One night in 2015 my roommate Courtney came home very drunk slurring about hanging out with a band in a bathroom and watching them take a shit ton of drugs. I kind of knew who Palma Violets were at the time and at the very least knew that they were one of her absolute favorite bands. What I didn’t know was that I was two years behind.
Their sophomore album, Danger In The Club, had just come out to some pretty mediocre reviews. Being a review-whore, I just wrote them off as another trending, nostalgia-obsessed band that would come and go like many more before. And, then, on a whim, I listened to the opening song, “Best of Friends” from their debut album, 180. That’s when I got it.
Nostalgia bands are a dime a dozen, but few have had the raw energy and lovable joy that Palma Violets captured in 180. While “Best of Friends” is one of their more accessible singles, it’s still an absolute hit that could send any fan of rock music, classic or modern, into a frenzy. Not even the most cynical of Brooklyn crowds can resist throwing themselves around while singers Samuel Fryer and Alexander Jessen scream-sing “I wanna be your best friend/Don’t want you to be my girl.” And, outside of its impeccable classic punk rock energy, the lyrics are still a breath of fresh air against endless indie bands crooning about unrequited love.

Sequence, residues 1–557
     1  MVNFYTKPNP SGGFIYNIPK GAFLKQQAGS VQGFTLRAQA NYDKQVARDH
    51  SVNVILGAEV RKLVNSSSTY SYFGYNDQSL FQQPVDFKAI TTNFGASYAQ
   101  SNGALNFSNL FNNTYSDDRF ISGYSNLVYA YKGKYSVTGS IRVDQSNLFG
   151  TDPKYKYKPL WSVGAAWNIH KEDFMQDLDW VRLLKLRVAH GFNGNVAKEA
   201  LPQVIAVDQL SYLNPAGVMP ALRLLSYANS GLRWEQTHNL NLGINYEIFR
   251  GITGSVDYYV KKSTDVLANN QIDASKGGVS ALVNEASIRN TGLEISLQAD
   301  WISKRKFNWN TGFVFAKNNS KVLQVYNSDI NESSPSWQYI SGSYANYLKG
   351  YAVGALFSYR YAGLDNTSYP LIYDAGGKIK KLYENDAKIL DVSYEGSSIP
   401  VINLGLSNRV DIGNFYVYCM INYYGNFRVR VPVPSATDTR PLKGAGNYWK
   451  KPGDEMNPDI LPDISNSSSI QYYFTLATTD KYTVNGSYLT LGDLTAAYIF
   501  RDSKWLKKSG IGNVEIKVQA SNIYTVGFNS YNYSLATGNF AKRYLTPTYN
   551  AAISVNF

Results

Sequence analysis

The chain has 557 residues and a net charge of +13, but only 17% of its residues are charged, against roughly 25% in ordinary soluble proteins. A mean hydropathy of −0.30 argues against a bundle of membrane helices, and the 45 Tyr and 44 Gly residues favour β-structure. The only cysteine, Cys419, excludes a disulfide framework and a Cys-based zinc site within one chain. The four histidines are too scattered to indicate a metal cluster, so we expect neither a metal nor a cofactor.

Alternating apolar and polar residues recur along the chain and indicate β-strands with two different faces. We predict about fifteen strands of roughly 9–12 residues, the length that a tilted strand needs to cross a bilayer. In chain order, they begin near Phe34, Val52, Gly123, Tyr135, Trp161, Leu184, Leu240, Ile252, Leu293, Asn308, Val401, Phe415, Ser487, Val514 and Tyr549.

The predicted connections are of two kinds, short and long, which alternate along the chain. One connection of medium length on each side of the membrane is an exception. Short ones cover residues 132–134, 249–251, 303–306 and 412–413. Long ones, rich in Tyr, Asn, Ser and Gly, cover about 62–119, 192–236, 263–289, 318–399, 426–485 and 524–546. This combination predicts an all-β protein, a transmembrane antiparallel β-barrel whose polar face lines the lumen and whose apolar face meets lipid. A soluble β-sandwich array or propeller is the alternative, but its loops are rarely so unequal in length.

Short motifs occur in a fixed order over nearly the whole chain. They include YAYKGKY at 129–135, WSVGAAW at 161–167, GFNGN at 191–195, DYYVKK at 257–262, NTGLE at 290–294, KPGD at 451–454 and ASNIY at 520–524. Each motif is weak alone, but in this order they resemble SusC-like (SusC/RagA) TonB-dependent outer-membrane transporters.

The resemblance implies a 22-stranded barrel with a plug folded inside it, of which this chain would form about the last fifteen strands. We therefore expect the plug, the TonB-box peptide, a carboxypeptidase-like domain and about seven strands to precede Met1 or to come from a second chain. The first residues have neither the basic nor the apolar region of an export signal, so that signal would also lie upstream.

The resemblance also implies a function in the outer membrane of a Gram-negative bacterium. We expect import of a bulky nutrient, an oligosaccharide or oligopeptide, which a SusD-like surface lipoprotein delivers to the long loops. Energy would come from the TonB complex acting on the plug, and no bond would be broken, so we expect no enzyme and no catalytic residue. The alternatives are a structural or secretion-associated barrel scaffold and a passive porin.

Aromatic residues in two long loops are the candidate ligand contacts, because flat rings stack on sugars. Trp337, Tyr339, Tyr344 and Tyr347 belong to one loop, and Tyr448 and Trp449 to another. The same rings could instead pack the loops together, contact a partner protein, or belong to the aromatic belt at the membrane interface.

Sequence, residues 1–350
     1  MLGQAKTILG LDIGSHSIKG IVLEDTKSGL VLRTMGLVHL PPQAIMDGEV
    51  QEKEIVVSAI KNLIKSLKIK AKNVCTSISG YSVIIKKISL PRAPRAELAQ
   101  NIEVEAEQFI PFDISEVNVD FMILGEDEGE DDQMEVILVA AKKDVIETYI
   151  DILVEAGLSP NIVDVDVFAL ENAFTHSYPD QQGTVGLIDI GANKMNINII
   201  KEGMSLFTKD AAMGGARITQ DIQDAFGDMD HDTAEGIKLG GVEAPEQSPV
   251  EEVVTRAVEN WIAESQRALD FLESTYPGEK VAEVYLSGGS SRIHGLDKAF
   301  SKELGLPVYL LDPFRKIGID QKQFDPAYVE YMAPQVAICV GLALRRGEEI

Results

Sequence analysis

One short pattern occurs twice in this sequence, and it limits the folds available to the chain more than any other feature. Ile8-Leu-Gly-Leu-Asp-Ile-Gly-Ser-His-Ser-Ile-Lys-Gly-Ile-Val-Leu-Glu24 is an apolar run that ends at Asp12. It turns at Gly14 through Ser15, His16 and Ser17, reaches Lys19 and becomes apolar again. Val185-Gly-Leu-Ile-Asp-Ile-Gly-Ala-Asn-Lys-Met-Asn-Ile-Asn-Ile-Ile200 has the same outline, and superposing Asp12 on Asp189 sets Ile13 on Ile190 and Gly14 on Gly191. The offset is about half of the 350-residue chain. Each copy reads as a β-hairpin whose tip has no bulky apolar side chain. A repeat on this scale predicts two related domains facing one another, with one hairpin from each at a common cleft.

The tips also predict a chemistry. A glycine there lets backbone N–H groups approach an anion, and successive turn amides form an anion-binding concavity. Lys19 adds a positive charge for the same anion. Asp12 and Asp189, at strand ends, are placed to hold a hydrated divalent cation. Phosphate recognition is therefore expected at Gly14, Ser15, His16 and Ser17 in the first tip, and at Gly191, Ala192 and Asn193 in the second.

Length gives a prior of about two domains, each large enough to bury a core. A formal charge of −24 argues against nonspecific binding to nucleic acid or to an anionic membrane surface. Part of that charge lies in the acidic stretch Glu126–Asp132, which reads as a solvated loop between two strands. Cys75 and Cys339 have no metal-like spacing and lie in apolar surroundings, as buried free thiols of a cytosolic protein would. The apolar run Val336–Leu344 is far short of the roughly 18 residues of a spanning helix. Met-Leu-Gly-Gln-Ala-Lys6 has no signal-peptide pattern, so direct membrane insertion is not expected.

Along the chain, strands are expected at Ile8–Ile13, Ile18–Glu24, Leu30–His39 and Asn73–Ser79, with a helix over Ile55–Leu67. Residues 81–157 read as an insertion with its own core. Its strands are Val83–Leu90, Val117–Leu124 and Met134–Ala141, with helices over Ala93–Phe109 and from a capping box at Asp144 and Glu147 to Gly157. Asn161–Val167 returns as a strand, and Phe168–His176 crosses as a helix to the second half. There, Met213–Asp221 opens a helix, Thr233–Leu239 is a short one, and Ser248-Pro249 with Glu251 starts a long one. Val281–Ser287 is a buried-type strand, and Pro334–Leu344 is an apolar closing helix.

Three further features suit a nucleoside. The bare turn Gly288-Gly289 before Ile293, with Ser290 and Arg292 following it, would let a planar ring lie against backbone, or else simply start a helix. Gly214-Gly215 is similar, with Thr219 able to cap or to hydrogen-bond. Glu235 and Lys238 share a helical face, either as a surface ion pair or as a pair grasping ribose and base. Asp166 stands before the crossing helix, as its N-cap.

What follows on 180, which turns five years old on February 25th, just barely reaches the messy heights of the opening track, but it still makes for one of the best debuts of 2013. The record feels like a stuffy basement built with cheap wood panelling, where the local teenage band throws shows for their friends as an excuse to abuse their instruments. It tastes like a cheap beer with the edge of a paper bag caressing your lips with each sip against a Lower East Side summer night. And it smells like a bathroom decked out with too much graffiti and stickers.
There’s nothing we haven’t heard before, but it’s something we don’t hear often. The word “pure” consistently comes to mind when describing the record. Every track soars with a pure rush of young, scrappy energy. In particular, “Chicken Dippers” and “Johnny Bagga’ Donuts” are the closest you’ll get to capturing the fun of The Doors without ripping them off—and they’re all the better for that. Are the lyrics or riffs anything groundbreaking? Absolutely not. But they sure as hell will get you to scream and shout.
Back in 2015, I was kicking myself for not finding this band sooner. Their shows were rumored to be one of the most fun sets of that year. All of which makes it such a shame that their second album was so underwhelming. That raw, sweet energy had soured and the record somehow felt like a chore to make. It’s filled with fuzz and scream-singing like the first, but they started to sound like every other indie punk band at the time. They haven’t released anything since 2015, so here’s hoping this hiatus will help them reconnect with what made them the talk of the scene five years ago.